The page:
a substrate having a surface for supporting the sample;
a source of electromagnetic radiation for providing a beam of electromagnetic radiation;
means for scanning said beam across said surface of the substrate; and
detector means which in use is arranged to detect electromagnetic radiation reflected from and/or passing through the substrate and the sample, the substrate being provided with distributed electromagnetic radiation modulating means for modulating at least a part of said beam with a digitally encoded position address indicative of the location on said surface on which the beam is currently directed, the detector means being arranged to decode the modulated electromagnetic radiation beam to determine the encoded address and to determine if the received beam has been modulated by any of said material which may be present in the sample.
The present invention enables the rapid scanning of a surface coated with components from a sample to determine their presence and also if necessary their optical properties. The system is particularly suited for carrying out the automatic inspection of samples with a high throughput. Moreover, provision of address information in or on the substrate enables the precise position of the electromagnetic radiation beam on the surface to be determined which in turn allows the accurate mapping of optical data, corresponding to attached material, to the surface. This enables regions of interest on the surface to be easily and quickly relocated.
The present invention is suited to carrying out ELISA where the specific antigen is coated onto the surface of the substrate. The surface is then exposed to the analyte and subsequently the specific enzyme and the resulting sample scanned to detect and quantify the enzyme linked to the surface. The system is also suited to carrying out histological analysis and to the quantitative study of gels run using electrophoresis.
Preferably, the electromagnetic radiation is light, e.g. infra-red, visible or ultra-violet.
According to a third aspect of the present invention there is provided a system for automatically carrying out an optical inspection of a sample to determine whether or not the sample comprises material which interferes with incident electromagnetic radiation, the system comprising:
a substantially planar substrate having a surface for supporting the sample;
a source of electromagnetic radiation for providing a beam of electromagnetic radiation;
means arranged on one side of the substrate for scanning the beam across the surface of the substrate;
a first detector for detecting electromagnetic radiation reflected from the substrate and the sample;
a second detector for detecting electromagnetic radiation passing through the substrate and the sample; and
control means coupled to the first and second detectors and for causing said beam to scan the surface of the substrate in dependence upon one or both of the outputs of the detectors and for detecting the presence of said components.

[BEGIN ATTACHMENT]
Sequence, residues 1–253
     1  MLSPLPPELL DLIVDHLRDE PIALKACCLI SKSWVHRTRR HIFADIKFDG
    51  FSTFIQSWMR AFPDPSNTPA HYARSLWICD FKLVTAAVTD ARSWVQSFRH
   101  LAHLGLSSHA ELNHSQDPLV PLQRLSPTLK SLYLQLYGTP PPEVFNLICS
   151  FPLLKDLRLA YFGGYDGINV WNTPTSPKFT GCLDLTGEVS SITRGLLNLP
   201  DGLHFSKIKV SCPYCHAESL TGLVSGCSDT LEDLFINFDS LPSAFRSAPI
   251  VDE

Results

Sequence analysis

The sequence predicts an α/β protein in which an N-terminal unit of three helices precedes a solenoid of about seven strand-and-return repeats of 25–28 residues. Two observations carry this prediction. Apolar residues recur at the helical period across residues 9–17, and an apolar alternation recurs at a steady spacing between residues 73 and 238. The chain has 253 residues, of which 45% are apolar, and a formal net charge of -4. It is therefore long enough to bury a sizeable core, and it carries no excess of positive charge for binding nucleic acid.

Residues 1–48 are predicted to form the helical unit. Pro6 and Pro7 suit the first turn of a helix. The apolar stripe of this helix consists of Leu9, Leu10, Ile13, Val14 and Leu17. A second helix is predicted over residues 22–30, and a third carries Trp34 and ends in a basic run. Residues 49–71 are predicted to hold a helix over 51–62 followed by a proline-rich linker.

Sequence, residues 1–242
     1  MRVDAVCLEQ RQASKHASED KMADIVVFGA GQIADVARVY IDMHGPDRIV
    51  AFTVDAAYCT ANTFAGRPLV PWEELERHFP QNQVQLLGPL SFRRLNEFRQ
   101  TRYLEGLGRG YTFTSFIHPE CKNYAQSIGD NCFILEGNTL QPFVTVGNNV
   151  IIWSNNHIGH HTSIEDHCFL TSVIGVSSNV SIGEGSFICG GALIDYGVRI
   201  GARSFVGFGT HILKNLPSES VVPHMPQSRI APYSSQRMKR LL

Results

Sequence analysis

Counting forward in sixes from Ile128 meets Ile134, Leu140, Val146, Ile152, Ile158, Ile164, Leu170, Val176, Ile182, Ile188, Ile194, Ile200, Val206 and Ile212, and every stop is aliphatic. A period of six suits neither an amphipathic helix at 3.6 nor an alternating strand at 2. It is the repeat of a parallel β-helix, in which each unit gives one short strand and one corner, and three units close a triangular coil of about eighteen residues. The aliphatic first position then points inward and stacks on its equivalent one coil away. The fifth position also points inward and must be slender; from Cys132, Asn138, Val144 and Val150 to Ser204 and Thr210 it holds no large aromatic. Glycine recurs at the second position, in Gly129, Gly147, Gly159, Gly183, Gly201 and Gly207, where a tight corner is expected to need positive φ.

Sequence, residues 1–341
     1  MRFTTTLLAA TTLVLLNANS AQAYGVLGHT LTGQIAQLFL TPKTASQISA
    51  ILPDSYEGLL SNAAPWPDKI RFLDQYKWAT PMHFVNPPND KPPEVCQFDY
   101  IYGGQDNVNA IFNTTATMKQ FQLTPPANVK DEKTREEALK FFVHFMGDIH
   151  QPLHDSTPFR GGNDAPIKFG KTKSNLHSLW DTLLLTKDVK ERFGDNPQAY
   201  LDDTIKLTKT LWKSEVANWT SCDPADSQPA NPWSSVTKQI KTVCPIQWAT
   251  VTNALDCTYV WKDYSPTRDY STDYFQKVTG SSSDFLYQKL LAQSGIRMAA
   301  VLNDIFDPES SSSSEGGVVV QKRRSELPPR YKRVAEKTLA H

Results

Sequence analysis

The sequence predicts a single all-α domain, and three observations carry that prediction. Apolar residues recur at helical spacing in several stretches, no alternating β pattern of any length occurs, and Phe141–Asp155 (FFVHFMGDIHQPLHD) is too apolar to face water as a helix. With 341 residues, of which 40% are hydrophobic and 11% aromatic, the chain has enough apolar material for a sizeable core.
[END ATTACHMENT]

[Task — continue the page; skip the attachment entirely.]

In a preferred embodiment of the above second aspect of the present invention the control means is arranged to determine the difference between output signals provided by said first and second detectors, which are representative of the signals detected, for the purpose of detecting said material without signal artifacts arising from, for example, dirt present on the side of the substrate opposite the support surface. The substrate may be provided with distributed address means for modulating the light beam with digitally encoded position information indicative of the area currently being scanned by the light beam, one or other of the detectors being arranged to decode the received light signal to determine the address of the location on which the light beam is incident.
According to a fourth aspect of the present invention there is provided a system for automatically carrying out an optical inspection of a sample to determine whether or not the sample comprises material which interferes with Incident electromagnetic radiation, the system comprising:
a disc comprising a plastic base layer on the upper surface of which is formed a plurality of perturbations, for interfering with incident electromagnetic radiation, representing digitally encoded data, and a surface for supporting the sample;
disc reading apparatus including a source of electromagnetic radiation for providing a beam of electromagnetic radiation, scanning means for scanning the beam across the upper surface of the disk, and an electromagnetic radiation detector for detecting radiation reflected from and/or transmitted through the disk and said sample components; and
means for rotating the disc about an axis substantially perpendicular to said beam,
wherein, in addition to being modulated by information digitally encoded onto the disc, the beam is additionally modulated by any of said material which is attached to the support surface of the disc.
Preferably, said electromagnetic radiation is visible light although infra-red or ultra-violet radiation may be suitable.